Why writer Tabatha Southey and artist-architect Philip Beesley are smitten with Toronto
The place: C5 at the ROM. The people: writer Tabatha Southey and artist–architect Philip Beesley. The subject: why they’re smitten
Globe and Mail columnist Tabatha Southey is known for her quick wit, but her latest project was a slow burn. Ten years ago, her son Basil’s school asked parents to compose a valentine for their kids. Southey wrote a poem about the make-believe house she wanted to build for Basil, a burgeoning architecture fan. That poem is now a storybook, It Must Be As Tall As a Lighthouse, illustrated by starchitect Will Alsop and recently published by Parkdale’s new artisanal press The Book Bakery, which focuses on small print runs of beautiful, visually driven books. Think of it as the locavore movement for the lit set.) Artist and architect Philip Beesley is equally at home in the world of whimsy. An international figure in the trippy field of responsive architecture, he creates structures that change form, colour or shape depending on their environment. This month, he unleashes his hovering, undulating art installation, Sargasso, on the Brookfield Place atrium as part of the Luminato Festival. We brought the design-obsessed duo to one of the city’s most divisive architectural attractions, the ROM Crystal, sprang for lunch and listened in.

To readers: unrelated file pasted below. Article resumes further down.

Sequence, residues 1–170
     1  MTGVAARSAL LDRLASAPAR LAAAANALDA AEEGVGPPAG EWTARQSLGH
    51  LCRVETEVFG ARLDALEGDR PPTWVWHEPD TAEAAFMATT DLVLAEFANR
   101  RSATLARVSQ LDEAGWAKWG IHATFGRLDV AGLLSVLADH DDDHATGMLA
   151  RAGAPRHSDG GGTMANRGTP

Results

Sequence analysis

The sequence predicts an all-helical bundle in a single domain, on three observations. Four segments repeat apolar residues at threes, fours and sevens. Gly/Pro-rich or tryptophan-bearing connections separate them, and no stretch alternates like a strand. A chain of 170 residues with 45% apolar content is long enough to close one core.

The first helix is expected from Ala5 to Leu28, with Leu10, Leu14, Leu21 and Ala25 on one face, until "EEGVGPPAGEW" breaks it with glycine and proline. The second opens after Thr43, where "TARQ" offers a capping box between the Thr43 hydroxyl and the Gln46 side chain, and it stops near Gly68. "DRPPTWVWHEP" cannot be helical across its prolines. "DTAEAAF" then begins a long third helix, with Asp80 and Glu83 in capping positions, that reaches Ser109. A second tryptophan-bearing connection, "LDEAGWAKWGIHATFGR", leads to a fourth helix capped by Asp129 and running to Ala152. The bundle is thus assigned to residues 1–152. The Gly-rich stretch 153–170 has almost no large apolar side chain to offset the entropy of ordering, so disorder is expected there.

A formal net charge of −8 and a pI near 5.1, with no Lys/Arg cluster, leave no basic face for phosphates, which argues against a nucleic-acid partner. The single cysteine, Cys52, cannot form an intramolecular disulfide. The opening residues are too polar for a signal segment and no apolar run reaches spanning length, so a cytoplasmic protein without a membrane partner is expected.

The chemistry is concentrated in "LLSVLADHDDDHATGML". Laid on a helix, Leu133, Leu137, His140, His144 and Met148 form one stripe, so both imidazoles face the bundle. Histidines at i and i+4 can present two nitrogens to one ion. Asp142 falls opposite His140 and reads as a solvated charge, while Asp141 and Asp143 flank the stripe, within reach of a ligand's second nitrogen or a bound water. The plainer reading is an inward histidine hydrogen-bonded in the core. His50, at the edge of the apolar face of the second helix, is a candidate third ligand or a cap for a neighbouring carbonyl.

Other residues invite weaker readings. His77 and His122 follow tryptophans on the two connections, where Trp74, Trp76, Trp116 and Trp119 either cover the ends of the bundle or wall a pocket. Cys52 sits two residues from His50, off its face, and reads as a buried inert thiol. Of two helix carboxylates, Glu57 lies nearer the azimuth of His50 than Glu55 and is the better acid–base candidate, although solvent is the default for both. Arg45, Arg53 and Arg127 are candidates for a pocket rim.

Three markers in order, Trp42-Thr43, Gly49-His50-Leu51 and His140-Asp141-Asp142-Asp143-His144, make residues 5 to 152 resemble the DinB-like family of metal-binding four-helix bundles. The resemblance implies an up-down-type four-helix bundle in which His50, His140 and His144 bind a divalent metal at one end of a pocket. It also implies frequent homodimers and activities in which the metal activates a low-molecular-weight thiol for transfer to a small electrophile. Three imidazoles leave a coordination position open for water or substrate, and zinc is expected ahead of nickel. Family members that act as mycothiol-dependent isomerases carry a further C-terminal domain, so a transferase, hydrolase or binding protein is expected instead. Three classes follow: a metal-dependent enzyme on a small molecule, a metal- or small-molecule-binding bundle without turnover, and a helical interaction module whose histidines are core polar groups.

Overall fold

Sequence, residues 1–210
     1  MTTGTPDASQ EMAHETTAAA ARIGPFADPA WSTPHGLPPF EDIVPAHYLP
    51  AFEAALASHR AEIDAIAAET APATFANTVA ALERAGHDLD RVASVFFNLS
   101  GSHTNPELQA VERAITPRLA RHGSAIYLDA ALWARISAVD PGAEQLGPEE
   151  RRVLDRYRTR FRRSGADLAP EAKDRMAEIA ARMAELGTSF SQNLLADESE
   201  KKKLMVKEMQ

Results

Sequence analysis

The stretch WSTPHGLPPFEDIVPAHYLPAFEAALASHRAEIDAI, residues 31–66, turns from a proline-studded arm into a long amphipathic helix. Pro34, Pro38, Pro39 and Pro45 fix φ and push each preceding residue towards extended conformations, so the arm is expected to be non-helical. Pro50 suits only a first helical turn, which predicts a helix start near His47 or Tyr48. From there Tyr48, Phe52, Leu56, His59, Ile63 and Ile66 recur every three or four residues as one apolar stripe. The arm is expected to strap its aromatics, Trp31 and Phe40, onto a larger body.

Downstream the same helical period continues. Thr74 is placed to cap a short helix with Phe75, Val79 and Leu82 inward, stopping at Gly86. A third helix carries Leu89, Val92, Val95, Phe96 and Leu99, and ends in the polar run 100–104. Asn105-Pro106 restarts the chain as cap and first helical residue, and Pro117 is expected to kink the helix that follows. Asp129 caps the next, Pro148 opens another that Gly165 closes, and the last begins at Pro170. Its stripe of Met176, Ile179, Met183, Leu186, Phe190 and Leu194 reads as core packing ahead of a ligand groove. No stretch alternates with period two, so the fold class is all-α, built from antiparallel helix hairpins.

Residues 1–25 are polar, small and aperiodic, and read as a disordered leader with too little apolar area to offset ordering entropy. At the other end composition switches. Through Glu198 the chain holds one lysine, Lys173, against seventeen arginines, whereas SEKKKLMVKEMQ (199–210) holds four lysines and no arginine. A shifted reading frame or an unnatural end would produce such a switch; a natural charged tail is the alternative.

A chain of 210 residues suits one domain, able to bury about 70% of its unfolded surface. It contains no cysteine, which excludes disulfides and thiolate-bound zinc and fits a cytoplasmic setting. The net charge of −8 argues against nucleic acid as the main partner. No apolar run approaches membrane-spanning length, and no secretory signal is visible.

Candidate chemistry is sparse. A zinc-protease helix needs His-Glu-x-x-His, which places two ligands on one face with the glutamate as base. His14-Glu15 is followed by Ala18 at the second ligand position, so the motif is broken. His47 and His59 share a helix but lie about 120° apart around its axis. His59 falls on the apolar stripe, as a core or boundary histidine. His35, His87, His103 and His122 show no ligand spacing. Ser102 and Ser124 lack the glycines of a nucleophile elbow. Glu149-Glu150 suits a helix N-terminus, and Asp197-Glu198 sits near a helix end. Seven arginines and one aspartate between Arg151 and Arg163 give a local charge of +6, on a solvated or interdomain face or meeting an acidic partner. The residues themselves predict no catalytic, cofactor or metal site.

June 8 to 18
It Must Be As Tall As a Lighthouse
On shelves May 1